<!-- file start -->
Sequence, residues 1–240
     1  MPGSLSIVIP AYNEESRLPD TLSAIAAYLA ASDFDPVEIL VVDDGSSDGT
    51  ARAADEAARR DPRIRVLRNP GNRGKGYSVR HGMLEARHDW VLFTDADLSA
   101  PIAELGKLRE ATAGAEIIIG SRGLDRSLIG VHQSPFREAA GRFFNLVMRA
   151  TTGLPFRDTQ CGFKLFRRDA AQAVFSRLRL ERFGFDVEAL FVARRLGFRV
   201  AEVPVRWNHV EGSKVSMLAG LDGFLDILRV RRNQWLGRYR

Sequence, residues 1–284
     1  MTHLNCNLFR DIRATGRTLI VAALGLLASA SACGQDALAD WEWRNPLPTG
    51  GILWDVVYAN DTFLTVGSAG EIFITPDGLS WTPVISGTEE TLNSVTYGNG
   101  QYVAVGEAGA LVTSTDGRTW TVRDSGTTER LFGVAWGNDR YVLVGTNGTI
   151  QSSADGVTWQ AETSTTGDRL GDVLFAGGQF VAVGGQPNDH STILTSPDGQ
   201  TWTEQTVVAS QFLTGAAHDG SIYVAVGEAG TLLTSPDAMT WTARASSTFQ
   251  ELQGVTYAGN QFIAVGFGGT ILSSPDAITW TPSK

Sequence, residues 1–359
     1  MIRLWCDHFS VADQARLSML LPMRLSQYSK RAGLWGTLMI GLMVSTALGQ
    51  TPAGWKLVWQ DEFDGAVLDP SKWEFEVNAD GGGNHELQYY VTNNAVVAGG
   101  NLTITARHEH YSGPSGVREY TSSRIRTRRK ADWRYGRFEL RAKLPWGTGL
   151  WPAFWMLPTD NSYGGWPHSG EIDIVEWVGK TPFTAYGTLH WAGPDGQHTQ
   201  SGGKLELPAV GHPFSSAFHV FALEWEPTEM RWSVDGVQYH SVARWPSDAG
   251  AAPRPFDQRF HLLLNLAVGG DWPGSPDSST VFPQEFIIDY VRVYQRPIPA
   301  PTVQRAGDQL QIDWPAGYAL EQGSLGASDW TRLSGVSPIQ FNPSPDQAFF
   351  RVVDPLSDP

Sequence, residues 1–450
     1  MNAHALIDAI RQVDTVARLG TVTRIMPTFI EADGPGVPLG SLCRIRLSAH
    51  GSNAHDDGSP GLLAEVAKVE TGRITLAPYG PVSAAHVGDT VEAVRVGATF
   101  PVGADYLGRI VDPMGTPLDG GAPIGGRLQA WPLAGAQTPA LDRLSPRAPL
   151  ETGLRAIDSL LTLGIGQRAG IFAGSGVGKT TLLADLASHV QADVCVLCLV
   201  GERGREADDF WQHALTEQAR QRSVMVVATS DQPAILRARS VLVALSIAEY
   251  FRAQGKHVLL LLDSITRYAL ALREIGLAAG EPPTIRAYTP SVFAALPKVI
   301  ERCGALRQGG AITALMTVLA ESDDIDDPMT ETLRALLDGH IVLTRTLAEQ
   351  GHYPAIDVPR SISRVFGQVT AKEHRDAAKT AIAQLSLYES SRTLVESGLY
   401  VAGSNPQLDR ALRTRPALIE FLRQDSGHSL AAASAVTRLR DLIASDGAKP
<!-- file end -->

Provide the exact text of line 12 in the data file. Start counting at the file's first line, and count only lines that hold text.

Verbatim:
   201  TWTEQTVVAS QFLTGAAHDG SIYVAVGEAG TLLTSPDAMT WTARASSTFQ